SAN FRANCISCO – In what critics of police brutality here are calling a reversal of a policy of “rewarding” peace officers for killing members of the community, the San Francisco District Attorney Monday announced it has filed homicide charges against former SF Police Dept. officer Chris Samayoa, who shot and killed unarmed Keita O’Neil in December 2017.
The case is “believed to be the first homicide prosecution against a law enforcement officer in San Francisco history,” according to a statement released by the DA office.
Samayoa is expected to surrender himself later this week – is bail is just $1,000. The DA Office said a judge signed a warrant Saturday, calling for charges against Samayoa of voluntary manslaughter, involuntary manslaughter, assault with a semiautomatic firearm, assault by a police officer and discharge of a firearm with gross negligence.
“Police officers are obligated to follow the law when using force—even when responding to serious crimes. As District Attorney, I will continue to hold accountable officers who inflict unlawful violence and breach the trust the public places in them,” said District Attorney Chesa Boudin.
“For too long, we have seen the failures of our legal system to hold police accountable for the violence committed against the members of the public they are entrusted to keep safe. In my administration, police officers are not above the law,” Boudin added.
The DA Office statement noted that SF police officers Samayoa and Edric Talusan followed, on Dec. 1, 2017, what they believed was a carjacked minivan through the Bayview District until it stopped and O’Neil, 42, “jumped out and began to run of foot.”
Samayoa, still seated in his patrol car, shot O’Neil through the window as the suspect ran past, killing O’Neil, who had no weapon on him. His death was ruled a homicide.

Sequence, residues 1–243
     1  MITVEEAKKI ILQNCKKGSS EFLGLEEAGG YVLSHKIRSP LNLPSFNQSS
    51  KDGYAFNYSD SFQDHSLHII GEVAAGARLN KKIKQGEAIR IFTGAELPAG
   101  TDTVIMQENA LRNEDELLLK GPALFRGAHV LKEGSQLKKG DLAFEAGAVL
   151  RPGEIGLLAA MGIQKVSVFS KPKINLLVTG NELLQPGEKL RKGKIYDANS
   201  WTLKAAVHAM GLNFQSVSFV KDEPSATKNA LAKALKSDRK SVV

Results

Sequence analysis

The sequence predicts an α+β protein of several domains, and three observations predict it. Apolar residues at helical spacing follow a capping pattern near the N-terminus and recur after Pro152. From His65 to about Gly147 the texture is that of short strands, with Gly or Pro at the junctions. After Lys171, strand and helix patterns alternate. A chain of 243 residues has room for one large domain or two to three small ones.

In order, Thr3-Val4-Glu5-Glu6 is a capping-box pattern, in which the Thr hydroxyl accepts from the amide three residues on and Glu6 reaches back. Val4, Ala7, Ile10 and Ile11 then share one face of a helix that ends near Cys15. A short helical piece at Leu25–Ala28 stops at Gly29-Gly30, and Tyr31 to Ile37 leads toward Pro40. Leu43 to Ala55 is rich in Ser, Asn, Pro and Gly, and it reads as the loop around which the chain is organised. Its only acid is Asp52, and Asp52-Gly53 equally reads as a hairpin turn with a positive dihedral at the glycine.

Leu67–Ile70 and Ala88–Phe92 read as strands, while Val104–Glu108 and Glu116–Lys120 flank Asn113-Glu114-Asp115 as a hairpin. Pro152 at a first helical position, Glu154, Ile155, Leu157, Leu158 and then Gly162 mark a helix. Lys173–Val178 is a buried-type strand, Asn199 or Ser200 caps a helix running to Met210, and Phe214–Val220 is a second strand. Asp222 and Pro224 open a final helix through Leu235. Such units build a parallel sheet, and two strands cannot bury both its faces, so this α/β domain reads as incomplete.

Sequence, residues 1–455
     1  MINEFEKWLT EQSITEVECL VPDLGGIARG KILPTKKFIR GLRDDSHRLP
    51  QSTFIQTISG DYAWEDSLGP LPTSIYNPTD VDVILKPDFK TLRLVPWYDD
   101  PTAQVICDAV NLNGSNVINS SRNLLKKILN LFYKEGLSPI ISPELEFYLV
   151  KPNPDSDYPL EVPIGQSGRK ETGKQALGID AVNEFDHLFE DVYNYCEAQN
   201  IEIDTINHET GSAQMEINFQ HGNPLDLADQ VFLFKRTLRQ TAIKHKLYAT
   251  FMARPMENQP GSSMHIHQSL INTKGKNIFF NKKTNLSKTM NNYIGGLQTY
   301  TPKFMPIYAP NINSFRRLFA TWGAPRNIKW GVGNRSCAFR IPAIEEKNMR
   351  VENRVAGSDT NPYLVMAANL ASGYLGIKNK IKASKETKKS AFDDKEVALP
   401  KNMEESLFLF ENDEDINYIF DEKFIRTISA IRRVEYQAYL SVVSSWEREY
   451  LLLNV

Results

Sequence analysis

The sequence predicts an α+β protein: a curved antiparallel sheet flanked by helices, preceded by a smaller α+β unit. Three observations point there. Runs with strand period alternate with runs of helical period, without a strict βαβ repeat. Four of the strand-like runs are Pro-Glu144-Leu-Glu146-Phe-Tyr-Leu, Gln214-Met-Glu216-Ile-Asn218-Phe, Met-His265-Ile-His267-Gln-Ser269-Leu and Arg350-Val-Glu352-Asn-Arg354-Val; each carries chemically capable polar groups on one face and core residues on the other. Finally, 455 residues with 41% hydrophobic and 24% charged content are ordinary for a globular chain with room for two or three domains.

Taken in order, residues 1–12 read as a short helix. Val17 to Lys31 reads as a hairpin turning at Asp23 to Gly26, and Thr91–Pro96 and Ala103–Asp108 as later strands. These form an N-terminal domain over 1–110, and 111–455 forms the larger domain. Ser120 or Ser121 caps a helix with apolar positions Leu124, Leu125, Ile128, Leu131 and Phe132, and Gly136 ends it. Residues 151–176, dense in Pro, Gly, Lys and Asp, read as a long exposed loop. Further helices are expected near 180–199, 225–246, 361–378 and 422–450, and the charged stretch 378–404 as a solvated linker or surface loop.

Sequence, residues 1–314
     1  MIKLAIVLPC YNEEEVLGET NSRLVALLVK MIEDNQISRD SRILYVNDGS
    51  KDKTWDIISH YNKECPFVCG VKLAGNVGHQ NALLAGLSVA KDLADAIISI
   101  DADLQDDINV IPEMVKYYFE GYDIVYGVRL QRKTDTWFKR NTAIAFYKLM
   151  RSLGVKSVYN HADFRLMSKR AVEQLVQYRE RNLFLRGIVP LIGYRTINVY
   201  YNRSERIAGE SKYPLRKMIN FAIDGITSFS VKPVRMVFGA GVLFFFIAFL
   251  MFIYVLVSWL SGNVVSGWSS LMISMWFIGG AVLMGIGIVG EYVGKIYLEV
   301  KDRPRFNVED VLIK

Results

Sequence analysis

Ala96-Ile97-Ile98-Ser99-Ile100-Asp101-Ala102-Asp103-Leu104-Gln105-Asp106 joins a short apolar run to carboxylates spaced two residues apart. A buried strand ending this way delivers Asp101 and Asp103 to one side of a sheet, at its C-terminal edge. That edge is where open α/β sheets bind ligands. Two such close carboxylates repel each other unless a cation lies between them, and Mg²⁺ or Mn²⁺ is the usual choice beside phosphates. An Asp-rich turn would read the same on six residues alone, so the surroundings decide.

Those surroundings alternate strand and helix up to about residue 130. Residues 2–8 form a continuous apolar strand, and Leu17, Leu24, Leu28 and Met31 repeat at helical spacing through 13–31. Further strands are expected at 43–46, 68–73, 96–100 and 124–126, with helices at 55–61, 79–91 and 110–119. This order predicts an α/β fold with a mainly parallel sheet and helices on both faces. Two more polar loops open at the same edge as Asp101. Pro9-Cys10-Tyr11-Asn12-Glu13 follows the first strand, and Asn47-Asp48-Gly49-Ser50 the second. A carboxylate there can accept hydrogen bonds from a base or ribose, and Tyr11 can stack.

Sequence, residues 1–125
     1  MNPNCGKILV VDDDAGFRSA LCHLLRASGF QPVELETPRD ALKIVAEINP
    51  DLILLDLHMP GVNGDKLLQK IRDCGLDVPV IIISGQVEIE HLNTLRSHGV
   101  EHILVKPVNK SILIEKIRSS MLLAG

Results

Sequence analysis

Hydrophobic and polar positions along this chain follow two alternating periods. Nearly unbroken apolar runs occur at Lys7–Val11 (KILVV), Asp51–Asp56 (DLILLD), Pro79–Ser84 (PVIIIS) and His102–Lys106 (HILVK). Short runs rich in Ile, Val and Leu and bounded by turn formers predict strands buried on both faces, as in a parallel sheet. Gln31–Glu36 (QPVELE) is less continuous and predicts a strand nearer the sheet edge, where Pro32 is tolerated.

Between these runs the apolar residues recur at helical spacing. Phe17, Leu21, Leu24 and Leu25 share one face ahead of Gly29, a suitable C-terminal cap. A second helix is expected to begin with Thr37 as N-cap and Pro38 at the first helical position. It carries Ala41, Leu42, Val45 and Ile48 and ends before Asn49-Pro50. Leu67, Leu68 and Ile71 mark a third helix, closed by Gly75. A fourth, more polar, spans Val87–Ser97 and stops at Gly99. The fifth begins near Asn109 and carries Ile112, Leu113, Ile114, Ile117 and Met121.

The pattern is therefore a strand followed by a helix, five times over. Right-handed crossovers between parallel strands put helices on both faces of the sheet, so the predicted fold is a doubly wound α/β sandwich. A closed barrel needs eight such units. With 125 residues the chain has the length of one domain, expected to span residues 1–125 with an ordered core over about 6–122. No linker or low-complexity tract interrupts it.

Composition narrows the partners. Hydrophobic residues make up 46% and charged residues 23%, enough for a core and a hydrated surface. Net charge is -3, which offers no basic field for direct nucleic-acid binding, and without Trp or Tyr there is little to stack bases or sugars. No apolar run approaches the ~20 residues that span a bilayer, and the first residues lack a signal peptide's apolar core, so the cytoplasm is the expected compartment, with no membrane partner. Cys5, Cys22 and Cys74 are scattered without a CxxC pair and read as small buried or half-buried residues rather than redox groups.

Samayoa didn’t turn his body camera on until after the shooting, but the killing was captured because body cams record the 30 second prior to activation. Samayoa was later fired from his job at SFPD.
Critics of the city’s lack of accountability of police praised the action.
Retired ACLU police practices counsel John Crew said, “In San Francisco, this lack of accountability has too often become normalized. District Attorney Boudin’s willingness to apply the law’s standards to the conduct of a police officer, and, where legally justified, criminally prosecute an officer for homicide may help to reverse that trend.”
“Criminal prosecutions of police officers for excessive use of force have been exceedingly rare, resulting in a deep erosion of trust when communities feel law enforcement officers are above the law,” he added.
And former Police Dept. Commissioner and civil right attorney Angela Chan noted that “We have to confront the problematic culture of SFPD that allows officer involved shootings to occur without serious and objective investigations,” she said.
Chan added that “For many years, the highest ranks of SFPD have rewarded officer involved shootings by awarding medals of valor when an officer shoots and kills a community member, particularly Black, Latino, and Asian American community members, and even when an internal affairs investigation is pending.”
SF Supervisor Shamann Walton, whose District includes the area where the killing occurred, said,
“Bayview residents deserve to know law enforcement officers who inflict violence and harm in our community will be held accountable. This prosecution is an important, historic step towards showing that Black lives matter and that unlawful police violence will not be tolerated.”
DA Boudin informed Mr. O’Neil’s family of the decision Monday morning. and April Green, O’Neil’s aunt, said, “I am happy to hear this news, and hoping it brings some justice to our family.”
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